China Audie Cornish professor flu Twitter Urbana Champagne University of Illinois Alison astronomer AstraZeneca Delores Albarracin University of Pennsylvania Vax Luke Nure Harvard Earthy Center
"alison astronomer" Discussed on KCRW

KCRW

03:20 min | 1 year ago

"alison astronomer" Discussed on KCRW

"Appears to have successfully tested a new spacecraft. Last week's mission was shrouded in secrecy. But as NPR's Jeff from field reports, there are some clues about what China sent into space and why. Last Friday, a Chinese rocket took off carrying a mysterious payload. A terse statement on state media said it was quote A reusable experimental spacecraft, but they didn't give a launch time. They don't have any more details. No riel official footage of the Lord's Jonathan Mcd, Alison astronomer, Earthy Center for Astrophysics, Harvard and Smithsonian who specializes in tracking satellites and spacecraft orbiting the Earth. When he plotted the course of China's new craft, he found that it passed over a secretive military facility. An area called Loop Nure, where China once tested its nuclear weapons. There's an air base there, which has AH big runway that's aligned exactly in the direction ofthe the orbit of the space craft. On Sunday, China announced its new spacecraft heads landed. Sure enough fuzzy satellite images napped by a commercial company called Planet. Seemed to show activity on the giant runway right at the moment, the landing would have occurred. McDowell says that the evidence is circumstantial, but he believes China has just tested a space plane. Think of it. It's a little space shuttle a craft with wings probably too small to carry people that took off on a rocket and coasted back to Earth. The information of all hands together now that this wass A test of something probably a space plane that made a winged reentry on landed on the runway at Lop nor the US Air Force has a similar spacecraft called the X 37 B. It's been launched in since 2010. So if that's what China tested, why now it's a great question. We're not even really sure why the United States military is pursuing a space plane like it's been doing for the last Decade or so. Brian Weeden Studies face security issues with the Secure World Foundation. The U. S X 37 B program remains highly classified. Weeden says he believes it's being used to test new sensors and systems for the military. Think about if you're building a brand new satellite, and you've got a lot of fancy new technology that's never been in space before. That's potentially risky. But if you can apply some of that technology in space, let's say in the payload bay of a reusable space plane that could allow you to get a better feel for how about react. McDowell says that space planes which travel many times, the speed of sound, could also potentially helped with the development of so called hyper sonic weapons. Uh, honestly, he thinks China could just be copying the US if the Americans have one of those. That must be a good reason for it. So we better get one, too. The landing of the space plane or whatever it was, is just the latest success for China. McDowell says that recently completed its own satellite navigation system, it has a robotic missions going to Mars and several probes on the moon. China's firing on all thrusters in space on just really increasing its level of involvement on capabilities, and I think that this is just one more reflection of that Jeff from feel. NPR NEWS Washington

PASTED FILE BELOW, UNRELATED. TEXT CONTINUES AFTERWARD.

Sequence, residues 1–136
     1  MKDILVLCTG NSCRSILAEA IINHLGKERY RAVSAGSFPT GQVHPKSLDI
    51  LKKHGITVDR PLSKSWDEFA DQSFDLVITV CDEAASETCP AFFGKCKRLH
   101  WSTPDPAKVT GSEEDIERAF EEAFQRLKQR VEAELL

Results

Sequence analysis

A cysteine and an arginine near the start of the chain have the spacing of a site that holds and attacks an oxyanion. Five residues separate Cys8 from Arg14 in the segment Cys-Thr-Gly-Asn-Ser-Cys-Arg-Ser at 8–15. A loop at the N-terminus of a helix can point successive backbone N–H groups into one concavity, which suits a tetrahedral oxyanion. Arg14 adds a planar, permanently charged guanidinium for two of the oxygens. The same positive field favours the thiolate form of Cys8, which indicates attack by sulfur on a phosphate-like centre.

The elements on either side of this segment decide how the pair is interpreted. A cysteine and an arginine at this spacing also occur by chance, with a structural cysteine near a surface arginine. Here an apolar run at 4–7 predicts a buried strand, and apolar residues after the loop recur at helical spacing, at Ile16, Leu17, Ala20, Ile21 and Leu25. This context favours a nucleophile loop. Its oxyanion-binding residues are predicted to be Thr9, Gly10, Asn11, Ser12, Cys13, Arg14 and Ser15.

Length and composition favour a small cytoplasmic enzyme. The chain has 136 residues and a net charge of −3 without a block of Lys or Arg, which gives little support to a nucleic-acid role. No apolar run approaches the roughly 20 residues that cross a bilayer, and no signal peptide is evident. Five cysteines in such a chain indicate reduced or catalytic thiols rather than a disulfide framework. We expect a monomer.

China United States Urbana Champagne University of Illinois McDowell professor Twitter Pasadena Manuel Villanueva Agoura Hills restaurant Opportunities Cente Brian Weeden Audie Cornish Canaan flu AstraZeneca University of Pennsylvania US Air Force FDA